Philosophy Lexicon of Arguments

 
Belief, philosophy: attitude of considering a sentence to be true. Unlike religious faith belief is linked to the assessment of probabilities. A belief is an attitude of a thinking person which can usually be formulated in a sentence, whereby the person must be able to integrate the sentence into a set of further sentences. A further condition is that the bearer of beliefs is able to reformulate the corresponding sentences and negate them, that is, to grasp their meaning. See also religious belief, propositional attitudes, intensions, probability, belief degrees, private language.

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Annotation: The above characterizations of concepts are neither definitions nor exhausting presentations of problems related to them. Instead, they are intended to give a short introduction to the contributions below. – Lexicon of Arguments.

 
Author Item Excerpt Meta data

 
Books on Amazon
Cresswell I 112
Lycan/Belief/Conviction/Cresswell: Lycan's solution is quite different, Lycan thesis the sentence to which the belief is related, is not an entity of public language - rather, it is a kind of brain configuration - Brain State/Meaning/Lycan: thesis is not something that has a meaning, but I 113 a brain state is something that is a meaning - Brain State/Meaning/Cresswell: thesis, there is no way to understand a mental event, like e.g. that broccoli is disgusting, differently than based on any specification of its parts. - I 114 Solution/Stalnaker/Cresswell: would probably say that mental events should be analyzed in terms of the actions that they have as a result. Then they would again be sets of possible worlds. - (s) Conclusion: this is about whether a formalization is possible that does not exclude that someone does not know what he thinks. If such a formalization is possible, then the theory from which it follows cannot be right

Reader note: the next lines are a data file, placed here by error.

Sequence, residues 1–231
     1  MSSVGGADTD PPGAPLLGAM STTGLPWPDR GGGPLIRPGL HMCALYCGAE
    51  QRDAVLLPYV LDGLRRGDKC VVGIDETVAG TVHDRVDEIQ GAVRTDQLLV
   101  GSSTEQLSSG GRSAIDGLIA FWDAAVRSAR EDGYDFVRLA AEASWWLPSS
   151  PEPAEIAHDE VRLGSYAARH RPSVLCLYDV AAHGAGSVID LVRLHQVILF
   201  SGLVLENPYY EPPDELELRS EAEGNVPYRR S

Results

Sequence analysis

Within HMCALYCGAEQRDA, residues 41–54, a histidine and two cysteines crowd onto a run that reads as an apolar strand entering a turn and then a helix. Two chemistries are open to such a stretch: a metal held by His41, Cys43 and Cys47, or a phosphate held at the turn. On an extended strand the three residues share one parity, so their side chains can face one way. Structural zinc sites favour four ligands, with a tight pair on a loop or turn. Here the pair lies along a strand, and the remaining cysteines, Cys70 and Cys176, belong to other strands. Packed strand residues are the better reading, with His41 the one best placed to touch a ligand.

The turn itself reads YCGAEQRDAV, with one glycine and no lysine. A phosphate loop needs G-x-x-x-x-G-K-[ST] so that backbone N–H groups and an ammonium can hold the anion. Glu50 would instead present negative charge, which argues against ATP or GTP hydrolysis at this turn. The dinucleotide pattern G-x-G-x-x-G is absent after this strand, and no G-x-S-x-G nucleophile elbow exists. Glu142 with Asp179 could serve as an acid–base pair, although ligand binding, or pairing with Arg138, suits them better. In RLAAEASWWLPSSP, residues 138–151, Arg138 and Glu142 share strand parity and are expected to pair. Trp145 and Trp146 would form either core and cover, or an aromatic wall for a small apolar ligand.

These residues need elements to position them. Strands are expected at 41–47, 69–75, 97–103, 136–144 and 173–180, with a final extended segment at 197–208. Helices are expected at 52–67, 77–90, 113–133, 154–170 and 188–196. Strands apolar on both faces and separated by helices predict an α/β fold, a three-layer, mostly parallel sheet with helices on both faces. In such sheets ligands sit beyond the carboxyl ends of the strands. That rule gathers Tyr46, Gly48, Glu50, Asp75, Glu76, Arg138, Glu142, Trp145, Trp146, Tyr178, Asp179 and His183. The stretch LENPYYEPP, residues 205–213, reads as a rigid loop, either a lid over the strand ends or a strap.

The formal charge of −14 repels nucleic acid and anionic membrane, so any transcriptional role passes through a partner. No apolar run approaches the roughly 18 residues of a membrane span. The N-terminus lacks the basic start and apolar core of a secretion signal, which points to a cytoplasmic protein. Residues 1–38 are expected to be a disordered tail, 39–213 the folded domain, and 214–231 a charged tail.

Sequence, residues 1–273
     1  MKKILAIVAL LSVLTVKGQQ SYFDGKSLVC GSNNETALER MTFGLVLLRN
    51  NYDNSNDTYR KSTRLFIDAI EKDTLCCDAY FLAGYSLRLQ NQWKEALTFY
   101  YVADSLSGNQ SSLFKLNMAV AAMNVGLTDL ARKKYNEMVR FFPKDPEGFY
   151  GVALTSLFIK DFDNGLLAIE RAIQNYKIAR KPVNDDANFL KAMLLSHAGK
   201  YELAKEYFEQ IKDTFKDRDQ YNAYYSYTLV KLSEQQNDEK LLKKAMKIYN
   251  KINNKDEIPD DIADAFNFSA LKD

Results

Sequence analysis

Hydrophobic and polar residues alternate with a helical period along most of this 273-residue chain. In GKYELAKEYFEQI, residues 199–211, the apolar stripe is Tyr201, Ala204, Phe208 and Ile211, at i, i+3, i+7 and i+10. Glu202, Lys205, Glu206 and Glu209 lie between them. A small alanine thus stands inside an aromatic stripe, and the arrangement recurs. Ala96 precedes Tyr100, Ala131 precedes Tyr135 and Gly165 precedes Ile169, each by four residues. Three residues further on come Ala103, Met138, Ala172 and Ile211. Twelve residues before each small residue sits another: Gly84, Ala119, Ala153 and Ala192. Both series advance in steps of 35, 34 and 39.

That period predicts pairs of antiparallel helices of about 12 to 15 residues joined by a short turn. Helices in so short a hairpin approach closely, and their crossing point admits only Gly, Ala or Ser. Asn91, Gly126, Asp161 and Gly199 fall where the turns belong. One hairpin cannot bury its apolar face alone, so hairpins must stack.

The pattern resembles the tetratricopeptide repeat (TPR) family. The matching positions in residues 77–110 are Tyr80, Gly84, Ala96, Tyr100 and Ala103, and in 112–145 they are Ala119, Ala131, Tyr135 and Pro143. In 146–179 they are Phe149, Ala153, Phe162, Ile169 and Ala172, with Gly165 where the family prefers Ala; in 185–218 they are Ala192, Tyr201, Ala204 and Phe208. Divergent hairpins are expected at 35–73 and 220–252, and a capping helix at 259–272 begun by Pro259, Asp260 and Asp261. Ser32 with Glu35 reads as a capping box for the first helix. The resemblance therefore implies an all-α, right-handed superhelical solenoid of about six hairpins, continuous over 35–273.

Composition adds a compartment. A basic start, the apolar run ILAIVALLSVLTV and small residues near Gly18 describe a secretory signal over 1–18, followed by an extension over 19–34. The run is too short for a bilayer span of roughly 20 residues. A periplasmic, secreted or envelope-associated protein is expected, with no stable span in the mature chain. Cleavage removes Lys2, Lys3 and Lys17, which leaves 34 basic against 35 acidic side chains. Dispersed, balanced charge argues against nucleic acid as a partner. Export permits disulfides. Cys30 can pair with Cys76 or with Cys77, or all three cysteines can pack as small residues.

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Explanation of symbols: Roman numerals indicate the source, arabic numerals indicate the page number. The corresponding books are indicated on the right hand side. ((s)…): Comment by the sender of the contribution.

Lyc I
W. G. Lycan
Modality and Meaning

Cr I
M. J. Cresswell
Semantical Essays (Possible worlds and their rivals) Dordrecht Boston 1988

Cr II
M. J. Cresswell
Structured Meanings Cambridge Mass. 1984


> Counter arguments against Lycan

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Ed. Martin Schulz, access date 2017-09-26